In the world of corporate business, one of the standard tools for promoting and advertising businesses is formed by brochures. Brochures are in fact small magazines displayed in hotel lobbies, reception halls, and conferences rooms, and that are out there in order to be picked up by the public. Take a look at this interesting Business Brochure Photoshop Tutorial:
Occasionally, brochures include written statements of the business, but normally they contain pictures of the products made or services rendered by the company. Company brochures can be included in your company products or handed out as calendars or posters.
The point is, as brochures are designed to get the public’s eye on your company, they must be attractive and revealing enough to attract people’s awareness and appropriately explain your sales message. Unfortunately, basically, very few brochures are creatively manufactured with a focus on detail. But let that not scare you away, you can find plenty of options out there to create a fascinating brochure style and design.
Here I will share some examples of remarkable brochure designs you can look at: (more…)
Has there ever been an Internet buzzword that has been more abused and confused than community?
Remember back in the naive ’90s, when theglobe.com’s stock rose 606 percent on its first day of trading-an IPO record at the time-because it supposedly was the hot place to chat? Or how about GeoCities, which offered free “homesteads” in online subdivisions, complete with street addresses, as if the first thing you’d do after creating your free homepage would be to hop over to the neighbors’ for a cup of digital coffee.
In a $4 billion deal, Yahoo!! paid more than $100 for every piddling dollar of revenue that GeoCities had from its inception in 1996 through the spring of 1999. But does anyone believe these “communities” would fetch any premium today?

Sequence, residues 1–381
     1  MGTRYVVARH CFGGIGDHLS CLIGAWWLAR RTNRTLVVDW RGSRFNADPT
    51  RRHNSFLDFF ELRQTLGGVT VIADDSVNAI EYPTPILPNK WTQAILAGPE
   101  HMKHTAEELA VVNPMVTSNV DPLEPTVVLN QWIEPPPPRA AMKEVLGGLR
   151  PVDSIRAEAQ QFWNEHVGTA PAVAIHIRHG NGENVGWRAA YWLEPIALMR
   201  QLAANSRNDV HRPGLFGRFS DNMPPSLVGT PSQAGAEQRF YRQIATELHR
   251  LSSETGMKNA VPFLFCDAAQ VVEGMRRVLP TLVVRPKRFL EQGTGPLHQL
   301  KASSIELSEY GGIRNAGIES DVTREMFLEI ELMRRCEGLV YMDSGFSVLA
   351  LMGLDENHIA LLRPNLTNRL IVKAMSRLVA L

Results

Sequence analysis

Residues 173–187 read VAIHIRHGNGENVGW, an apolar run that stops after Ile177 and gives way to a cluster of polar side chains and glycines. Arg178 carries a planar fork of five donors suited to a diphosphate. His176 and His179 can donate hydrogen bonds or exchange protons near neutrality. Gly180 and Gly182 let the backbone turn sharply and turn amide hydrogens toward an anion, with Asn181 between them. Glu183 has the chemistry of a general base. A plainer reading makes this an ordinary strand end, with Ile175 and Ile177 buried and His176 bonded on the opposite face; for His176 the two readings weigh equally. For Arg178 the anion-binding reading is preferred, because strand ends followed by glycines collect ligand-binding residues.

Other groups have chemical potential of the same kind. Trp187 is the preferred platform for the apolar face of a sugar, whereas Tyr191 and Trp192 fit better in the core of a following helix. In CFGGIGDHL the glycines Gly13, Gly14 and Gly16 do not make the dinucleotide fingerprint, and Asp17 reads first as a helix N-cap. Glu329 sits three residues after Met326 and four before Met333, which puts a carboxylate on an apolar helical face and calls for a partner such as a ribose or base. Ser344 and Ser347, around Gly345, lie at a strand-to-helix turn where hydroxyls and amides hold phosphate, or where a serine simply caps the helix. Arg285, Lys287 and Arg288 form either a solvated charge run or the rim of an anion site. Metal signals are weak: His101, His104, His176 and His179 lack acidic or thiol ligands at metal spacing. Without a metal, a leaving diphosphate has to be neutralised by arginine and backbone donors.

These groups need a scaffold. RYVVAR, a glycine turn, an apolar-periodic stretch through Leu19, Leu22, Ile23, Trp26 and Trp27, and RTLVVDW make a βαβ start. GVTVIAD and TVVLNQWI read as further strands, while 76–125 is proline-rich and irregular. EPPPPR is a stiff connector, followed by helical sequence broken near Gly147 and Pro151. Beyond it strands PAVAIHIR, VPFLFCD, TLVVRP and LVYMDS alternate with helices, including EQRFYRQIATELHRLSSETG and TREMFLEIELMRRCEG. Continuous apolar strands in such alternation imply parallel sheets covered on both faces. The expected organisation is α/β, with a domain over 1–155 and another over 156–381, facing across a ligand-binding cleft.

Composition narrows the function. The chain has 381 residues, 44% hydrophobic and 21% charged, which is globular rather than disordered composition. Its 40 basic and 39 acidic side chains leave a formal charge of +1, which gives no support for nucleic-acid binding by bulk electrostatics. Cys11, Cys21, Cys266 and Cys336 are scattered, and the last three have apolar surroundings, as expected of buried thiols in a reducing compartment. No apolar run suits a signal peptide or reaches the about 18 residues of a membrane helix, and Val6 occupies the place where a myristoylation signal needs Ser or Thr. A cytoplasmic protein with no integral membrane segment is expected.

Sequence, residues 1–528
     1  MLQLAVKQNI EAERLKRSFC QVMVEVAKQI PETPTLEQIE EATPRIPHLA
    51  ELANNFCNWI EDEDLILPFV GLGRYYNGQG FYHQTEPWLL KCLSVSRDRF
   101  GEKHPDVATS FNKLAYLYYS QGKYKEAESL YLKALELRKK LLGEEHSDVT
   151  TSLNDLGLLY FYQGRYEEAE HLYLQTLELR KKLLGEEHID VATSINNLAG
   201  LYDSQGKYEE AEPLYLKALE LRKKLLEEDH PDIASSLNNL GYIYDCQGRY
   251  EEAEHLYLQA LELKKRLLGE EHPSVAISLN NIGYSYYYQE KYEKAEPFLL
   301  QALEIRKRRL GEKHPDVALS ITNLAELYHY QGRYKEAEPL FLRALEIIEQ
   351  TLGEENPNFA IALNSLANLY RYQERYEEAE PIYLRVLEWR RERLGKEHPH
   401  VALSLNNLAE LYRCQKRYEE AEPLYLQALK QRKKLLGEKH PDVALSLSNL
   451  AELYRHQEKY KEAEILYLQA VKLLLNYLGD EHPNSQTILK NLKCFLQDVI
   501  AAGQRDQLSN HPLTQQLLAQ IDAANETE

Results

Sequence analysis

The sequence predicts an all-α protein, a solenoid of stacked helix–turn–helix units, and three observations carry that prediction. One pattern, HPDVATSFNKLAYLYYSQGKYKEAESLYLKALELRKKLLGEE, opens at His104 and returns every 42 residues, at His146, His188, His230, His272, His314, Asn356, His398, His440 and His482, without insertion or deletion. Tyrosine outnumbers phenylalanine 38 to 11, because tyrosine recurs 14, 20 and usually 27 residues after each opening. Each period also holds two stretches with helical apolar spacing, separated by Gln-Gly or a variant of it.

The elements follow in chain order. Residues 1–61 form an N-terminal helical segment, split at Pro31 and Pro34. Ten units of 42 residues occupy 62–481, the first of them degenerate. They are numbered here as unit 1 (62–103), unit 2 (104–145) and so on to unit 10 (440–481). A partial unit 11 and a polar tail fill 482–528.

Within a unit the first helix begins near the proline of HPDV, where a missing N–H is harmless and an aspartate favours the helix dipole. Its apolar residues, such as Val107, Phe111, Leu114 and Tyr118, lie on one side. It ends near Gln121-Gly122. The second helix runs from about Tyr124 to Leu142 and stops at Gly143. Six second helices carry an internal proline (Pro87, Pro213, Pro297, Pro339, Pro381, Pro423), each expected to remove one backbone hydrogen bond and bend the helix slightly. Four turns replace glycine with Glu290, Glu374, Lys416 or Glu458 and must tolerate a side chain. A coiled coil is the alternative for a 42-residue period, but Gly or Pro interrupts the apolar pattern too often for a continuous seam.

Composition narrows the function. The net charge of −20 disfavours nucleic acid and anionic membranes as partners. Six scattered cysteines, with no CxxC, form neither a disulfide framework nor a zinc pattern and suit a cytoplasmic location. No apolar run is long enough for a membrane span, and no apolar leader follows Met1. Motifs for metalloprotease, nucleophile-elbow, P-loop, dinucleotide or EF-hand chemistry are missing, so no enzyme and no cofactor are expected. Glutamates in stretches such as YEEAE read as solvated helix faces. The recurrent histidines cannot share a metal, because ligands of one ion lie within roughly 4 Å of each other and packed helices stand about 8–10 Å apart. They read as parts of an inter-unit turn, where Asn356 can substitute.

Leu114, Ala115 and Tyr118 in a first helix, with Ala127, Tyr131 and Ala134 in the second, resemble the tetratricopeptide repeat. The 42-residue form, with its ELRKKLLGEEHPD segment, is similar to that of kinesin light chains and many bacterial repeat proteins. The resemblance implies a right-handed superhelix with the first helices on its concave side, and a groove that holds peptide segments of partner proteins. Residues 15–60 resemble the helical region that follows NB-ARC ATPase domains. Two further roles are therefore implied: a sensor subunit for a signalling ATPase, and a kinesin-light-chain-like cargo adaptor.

Yet there really is something quite powerful and valuable behind the concept of online community, provided it is used to support a real business objective.
Mistakes were made
The mistake such startups made was in believing that community was a business model unto itself. Interactive tools that allow people with common interests to exchange information work as a revenue opportunity only when they are attached to an established business model. When that’s the case, communities can help a real business acquire and retain customers at a lower cost for a longer time. (more…)
Product design requires creativity, experience and, if you are going to be building the product yourself, a substantial amount of technical know how.
The process of product design starts with the need of a full understanding of the requirements. Requirements gathering is a very distinct skill – sometimes the customer has a great idea, but it takes experience to know how it can be improved, tweaked and slightly changed to make it even better. Very occasionally, it is the job of the product designer to let the customer know that the idea they have just won’t work. again, this ability comes with skill, judgment, and experience and can save the company vast amounts of money!
Product design could be as simple as updating an existing product to make it better, or starting from scratch on a completely novel idea which exists only in someone’s mind. These are often distinct roles and not the same skill set. A good example of product improvement would be Dyson’s bagless vacuum cleaner – a massive improvement on a product that had been around for decades before in the same form.
There is a lot to look forward to if you understand just how mobile marketing is used to enhance your business. It is fun, too, to learn about how mobile devices are utilized in this type of marketing. Mobile marketing is an incredibly effective way to promote your business, when done well. This article will help you unleash the power of mobile marketing with the following tips.